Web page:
Stretch marks are the seedy underbelly of pregnancy. We wish they didn’t exist, but they do. And almost every pregnant woman will have to deal with them. The joy of watching your torso rapidly expand can be dented with the arrival of these tiger-striped, textured marks that take over your skin and dampen your self-esteem. It’s a natural occurrence that affects 8 out of 10 women during pregnancy. When you’re carrying a baby, it might seem insignificant to allow vanity to seep through and grab your attention. But we’re only human. And life doesn’t stop when your baby is born. While there is absolutely no shame in wearing our stretch marks as badges of honour, there is also no judgement is trying to figure out ways to prevent them, and if all fails, to lessen their appearance.

The science of stretch marks

When you get pregnant, your skin starts to expand to accommodate your new inhabitant. Ordinarily, your skin is quite capable of stretching without hampering its elasticity. But the rate of expansion during pregnancy is so high, the fibres in the middle layer of your skin are unable to cope, and they begin to split. Also, the hormones produced during your pregnancy can weaken these fibres. This causes the pink, purplish or white uneven stripes to spread out across your skin like cracks in a frozen pond. Genetics plays a role as well. If your mother or grandmother got stretch marks during pregnancy, you could be next in line to get them (even if you’ve taken every possible preventive measure in the book). 

How to keep stretch marks at bay

If your skin feels very dry or itchy, it could be the first signs of stretch marks (but not necessarily). It’s best to start moisturising and caring for your stomach skin when your stomach is still relatively flat, and the elasticity is still firm. While prevention is always (always) better than cure, the following remedies can be used before or after the formation of stretch marks. As long as you diligently follow them on a daily basis.

And do remember, even with the best preventive care, you may get stretch marks. But even if you get them, these measures (even post appearance) should help with fading them over time.

Home Remedies for reducing stretch marks

1. Stay hydrated:

Drink 8 to 10 glasses of water through the day, daily, to keep your skin’s moisture levels intact. Water plays a huge role in the preservation of your skin’s elasticity. 

2. Eat a balanced diet:

Swift weight gain affects all parts of your body, not just your belly. So if you want to avoid these marks on your arms, legs and breasts, stick to a healthy, wholesome diet, and keep your weight under control.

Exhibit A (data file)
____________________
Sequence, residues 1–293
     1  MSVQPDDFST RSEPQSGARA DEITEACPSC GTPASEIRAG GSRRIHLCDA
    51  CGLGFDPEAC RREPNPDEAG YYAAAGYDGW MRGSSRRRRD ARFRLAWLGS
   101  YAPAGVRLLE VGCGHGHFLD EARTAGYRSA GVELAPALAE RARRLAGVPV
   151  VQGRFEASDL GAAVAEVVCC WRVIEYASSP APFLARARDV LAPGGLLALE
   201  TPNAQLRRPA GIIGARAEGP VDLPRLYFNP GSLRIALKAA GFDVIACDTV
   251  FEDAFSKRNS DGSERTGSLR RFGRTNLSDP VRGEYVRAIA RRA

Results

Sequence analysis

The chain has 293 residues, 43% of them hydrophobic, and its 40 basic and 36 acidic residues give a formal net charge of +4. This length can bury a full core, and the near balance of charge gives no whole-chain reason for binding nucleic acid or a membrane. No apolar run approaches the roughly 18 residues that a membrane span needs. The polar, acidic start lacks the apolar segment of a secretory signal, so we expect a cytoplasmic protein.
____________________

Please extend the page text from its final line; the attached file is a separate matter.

Topical applications that prevent or lessen the appearance of stretch marks

Whether you’re trying to avoid them, or whether you’re dealing with stretch marks after pregnancy, these remedies can help. Apply these ointments twice a day, every day till you see results.

1. Coconut oil:

This oil has Vitamin E and other antioxidants to help nourish your skin and keep it supple. Apply generously over your skin after a bath. Gently massage or rub the oil for a few minutes, so it gets absorbed into your skin. You can start even before you get pregnant and continue long after you deliver, as this exceptional oil is a fantastic moisturiser for all ages. 

2. Aloe vera:

A good quality gel or even aloe freshly extracted from the leaf can help keep the marks to a minimum. The gel hydrates and moisturises your skin, and can be used directly or with a few drops of vitamin E for extra nourishment.  

3. Castor oil:

This thick, viscous oil is packed with healthy fats that offer your skin deep conditioning. If it’s too sticky to apply, you can mix it with almond oil or coconut oil. 

4. Bio-oil:

This oil has earned a reputation for healing skin ravaged by pregnancy, and it has been recommended to apply in your second trimester to prevent pregnancy stretch marks. It works best on newly formed stretch marks. 

5. Customised Stretch Mark oil:

Specially formulated for stretch marks, an oil like a ‘Forest Essentials Stretch Mark’ oil, can be applied during pregnancy. And it can also work for post-pregnancy stretch marks. Its packed with highly nourishing oils like coconut oil, jojoba oil and olive oil to deliver intense hydration to your skin.

6. Cocoa or shea butter:

These rich and creamy butter are better used for preventing stretch marks during pregnancy. They are loaded with fatty acids that deeply moisturise the skin, and prevent the fibres from tearing.

Note: For any new oil that you try, always do a patch test on your arms/legs first.

Interventional therapy for removal of stretch marks

Laser therapy has shown a reduction in the appearance of stretch marks for some women. However, this treatment can have side effects. Do consult with an experienced dermatologist from a reputed clinic. It is also an expensive therapy, so it’s not for everyone. 


Stretch marks arrive with a bang. When first formed, they are highly noticeable and deeply textured. Over time, they naturally fade to tiny silver lines. Take care of your skin and moisturise it daily. But also, love your body as it has helped you make a tiny, little miracle.